Roscoe Palm, editor of the party's provincial website, said many people were supportive of the memorial which featured white crosses planted on the promenade lawn.
"Many people didn't know that today was the anniversary [of the massacre]," he told News24.
"There is a lot of [foot] traffic on the promenade and we thought these were the right kind of people to get the message to."
He said the crosses were up for about three hours before they were removed by the metro police.
"Everyone was 100% supportive and all kinds of people engaged with us. We felt it had a positive effect. We all need to remember Marikana."
Palm refused to remove the crosses when ordered to do so by authorities and they were subsequently confiscated. He got a R1 000 fine for contravening a public parks by-law.
"People lost their lives [in Marikana]. I am lucky that I experienced the even-handedness of the law," he said.
More protests planned
Palm plans to get the crosses back and that people of the Western Cape can expect more silent, non-violent protests on various issues.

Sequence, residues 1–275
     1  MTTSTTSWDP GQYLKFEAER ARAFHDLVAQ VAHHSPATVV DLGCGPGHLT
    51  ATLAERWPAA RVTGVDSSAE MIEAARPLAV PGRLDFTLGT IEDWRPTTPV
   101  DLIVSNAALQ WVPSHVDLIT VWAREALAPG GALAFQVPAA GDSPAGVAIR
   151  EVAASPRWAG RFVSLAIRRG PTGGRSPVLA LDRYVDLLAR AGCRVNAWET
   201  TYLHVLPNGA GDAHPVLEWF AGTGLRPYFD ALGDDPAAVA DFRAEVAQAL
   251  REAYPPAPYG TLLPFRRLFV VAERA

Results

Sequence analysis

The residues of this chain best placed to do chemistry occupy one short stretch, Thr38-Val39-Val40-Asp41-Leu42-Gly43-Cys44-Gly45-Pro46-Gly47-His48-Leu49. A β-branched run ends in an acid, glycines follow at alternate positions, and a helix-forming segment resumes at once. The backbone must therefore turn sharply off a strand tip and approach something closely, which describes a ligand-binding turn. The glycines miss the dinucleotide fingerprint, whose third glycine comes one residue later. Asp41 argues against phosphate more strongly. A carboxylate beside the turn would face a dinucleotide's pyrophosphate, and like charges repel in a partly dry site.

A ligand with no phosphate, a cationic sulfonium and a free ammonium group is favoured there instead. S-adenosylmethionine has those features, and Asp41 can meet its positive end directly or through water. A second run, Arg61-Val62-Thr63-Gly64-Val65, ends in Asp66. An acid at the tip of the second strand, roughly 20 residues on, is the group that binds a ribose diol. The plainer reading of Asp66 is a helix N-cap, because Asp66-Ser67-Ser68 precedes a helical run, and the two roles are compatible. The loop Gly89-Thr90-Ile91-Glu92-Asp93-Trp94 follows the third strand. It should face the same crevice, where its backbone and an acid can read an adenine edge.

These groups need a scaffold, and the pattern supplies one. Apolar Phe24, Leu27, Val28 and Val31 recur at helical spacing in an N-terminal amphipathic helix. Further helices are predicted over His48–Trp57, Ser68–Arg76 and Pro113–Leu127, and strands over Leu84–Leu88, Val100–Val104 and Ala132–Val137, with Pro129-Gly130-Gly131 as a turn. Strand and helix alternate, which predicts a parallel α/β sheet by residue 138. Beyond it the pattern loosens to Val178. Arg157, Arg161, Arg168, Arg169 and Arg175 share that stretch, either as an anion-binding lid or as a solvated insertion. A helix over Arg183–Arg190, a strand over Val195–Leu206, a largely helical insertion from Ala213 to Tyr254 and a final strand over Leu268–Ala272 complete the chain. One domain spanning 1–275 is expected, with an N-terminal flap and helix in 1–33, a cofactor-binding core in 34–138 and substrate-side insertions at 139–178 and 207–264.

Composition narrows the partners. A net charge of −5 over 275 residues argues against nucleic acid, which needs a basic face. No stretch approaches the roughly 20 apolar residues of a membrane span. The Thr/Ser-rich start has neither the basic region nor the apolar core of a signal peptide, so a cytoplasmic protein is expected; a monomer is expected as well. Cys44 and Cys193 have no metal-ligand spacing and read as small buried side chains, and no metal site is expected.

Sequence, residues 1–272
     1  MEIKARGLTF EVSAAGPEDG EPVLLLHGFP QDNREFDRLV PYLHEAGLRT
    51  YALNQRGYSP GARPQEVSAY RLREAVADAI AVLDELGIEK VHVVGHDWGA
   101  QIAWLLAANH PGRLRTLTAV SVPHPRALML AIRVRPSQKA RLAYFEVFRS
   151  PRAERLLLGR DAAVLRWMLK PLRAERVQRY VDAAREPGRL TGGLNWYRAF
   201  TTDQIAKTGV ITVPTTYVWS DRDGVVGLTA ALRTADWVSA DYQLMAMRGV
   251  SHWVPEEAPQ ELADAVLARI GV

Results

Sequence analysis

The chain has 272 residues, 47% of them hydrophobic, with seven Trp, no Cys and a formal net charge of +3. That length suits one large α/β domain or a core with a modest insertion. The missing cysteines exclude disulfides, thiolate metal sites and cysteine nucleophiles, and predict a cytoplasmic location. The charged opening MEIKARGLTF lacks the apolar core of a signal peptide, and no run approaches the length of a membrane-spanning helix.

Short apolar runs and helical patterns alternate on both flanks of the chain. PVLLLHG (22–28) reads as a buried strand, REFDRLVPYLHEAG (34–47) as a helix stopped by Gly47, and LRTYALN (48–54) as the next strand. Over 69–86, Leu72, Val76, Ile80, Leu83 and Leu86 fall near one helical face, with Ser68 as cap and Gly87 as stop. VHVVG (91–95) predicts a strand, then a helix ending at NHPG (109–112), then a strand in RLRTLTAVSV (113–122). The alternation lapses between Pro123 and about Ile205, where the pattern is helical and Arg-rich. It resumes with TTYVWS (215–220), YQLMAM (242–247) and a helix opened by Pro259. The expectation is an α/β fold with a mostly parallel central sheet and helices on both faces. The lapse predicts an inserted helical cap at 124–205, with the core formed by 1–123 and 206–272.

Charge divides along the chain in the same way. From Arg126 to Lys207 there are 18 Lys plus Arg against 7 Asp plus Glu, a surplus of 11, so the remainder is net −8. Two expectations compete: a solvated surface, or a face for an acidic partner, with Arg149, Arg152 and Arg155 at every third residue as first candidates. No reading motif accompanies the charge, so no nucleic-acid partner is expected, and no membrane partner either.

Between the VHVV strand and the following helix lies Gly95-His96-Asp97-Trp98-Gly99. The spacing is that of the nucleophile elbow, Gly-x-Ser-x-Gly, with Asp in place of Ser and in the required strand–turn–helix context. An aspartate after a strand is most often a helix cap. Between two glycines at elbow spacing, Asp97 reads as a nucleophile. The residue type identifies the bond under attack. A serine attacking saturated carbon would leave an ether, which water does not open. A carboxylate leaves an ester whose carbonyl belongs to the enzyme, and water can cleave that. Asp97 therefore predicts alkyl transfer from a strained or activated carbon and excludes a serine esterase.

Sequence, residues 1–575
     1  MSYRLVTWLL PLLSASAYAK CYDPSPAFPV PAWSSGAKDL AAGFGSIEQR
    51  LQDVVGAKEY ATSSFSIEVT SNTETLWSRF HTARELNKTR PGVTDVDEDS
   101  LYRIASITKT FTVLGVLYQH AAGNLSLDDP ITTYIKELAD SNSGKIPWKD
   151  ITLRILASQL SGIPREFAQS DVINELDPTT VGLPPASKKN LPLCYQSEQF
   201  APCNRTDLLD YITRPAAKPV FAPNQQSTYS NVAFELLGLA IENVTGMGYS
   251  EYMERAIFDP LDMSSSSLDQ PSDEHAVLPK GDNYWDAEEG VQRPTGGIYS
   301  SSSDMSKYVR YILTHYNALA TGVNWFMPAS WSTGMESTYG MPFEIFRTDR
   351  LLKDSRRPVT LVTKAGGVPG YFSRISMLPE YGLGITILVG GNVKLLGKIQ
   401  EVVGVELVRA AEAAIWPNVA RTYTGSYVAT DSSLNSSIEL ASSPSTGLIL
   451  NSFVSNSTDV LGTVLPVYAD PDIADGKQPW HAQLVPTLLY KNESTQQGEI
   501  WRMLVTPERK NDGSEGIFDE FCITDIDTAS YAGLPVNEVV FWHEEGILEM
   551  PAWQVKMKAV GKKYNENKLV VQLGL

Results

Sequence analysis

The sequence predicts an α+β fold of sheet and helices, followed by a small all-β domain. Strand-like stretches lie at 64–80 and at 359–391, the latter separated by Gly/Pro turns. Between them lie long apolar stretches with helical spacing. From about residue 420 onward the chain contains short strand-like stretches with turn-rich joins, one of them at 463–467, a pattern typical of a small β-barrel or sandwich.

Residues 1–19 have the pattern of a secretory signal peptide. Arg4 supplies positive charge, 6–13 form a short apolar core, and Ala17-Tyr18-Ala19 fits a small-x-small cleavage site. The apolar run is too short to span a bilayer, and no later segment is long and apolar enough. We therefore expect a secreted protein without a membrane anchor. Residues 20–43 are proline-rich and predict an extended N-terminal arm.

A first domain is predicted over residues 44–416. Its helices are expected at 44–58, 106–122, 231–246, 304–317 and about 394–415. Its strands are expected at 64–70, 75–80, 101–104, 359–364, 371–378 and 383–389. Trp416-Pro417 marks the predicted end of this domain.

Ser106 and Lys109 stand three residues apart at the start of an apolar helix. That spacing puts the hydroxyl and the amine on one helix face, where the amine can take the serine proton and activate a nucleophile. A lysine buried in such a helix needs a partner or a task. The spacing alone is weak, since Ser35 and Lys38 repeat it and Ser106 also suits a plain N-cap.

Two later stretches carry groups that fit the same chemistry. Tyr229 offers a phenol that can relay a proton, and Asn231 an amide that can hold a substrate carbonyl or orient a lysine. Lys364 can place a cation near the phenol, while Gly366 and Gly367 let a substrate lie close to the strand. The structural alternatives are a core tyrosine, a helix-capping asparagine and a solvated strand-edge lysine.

"We will do more demonstrations to encourage dialogue."
Priya Reddy, spokesperson for the City of Cape Town, told News24 that the erection of the memorial was in violation of the public parks by-law of 2010.
"In this case, the crosses were erected without the city's permission and in contravention of the public parks by-law which is put in place to protect public property. While members of the public can apply for a permit for a temporary art installation, no such application was received in this case," she stated.
The transgression carries a fine of R500 and according to Reddy in this case a second fine of R500 was issued for "failing to comply with a lawful instruction to remove the items".
She said anyone who wants to erect similar memorials or structures should apply to the city's arts and culture department for a permit.